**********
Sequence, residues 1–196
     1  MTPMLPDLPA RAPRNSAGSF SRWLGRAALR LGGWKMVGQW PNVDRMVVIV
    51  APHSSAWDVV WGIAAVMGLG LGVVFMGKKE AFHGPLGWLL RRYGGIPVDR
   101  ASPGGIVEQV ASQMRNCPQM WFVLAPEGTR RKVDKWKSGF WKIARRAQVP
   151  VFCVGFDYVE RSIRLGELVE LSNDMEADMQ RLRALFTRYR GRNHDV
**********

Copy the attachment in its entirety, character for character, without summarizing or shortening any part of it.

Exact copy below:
Sequence, residues 1–196
     1  MTPMLPDLPA RAPRNSAGSF SRWLGRAALR LGGWKMVGQW PNVDRMVVIV
    51  APHSSAWDVV WGIAAVMGLG LGVVFMGKKE AFHGPLGWLL RRYGGIPVDR
   101  ASPGGIVEQV ASQMRNCPQM WFVLAPEGTR RKVDKWKSGF WKIARRAQVP
   151  VFCVGFDYVE RSIRLGELVE LSNDMEADMQ RLRALFTRYR GRNHDV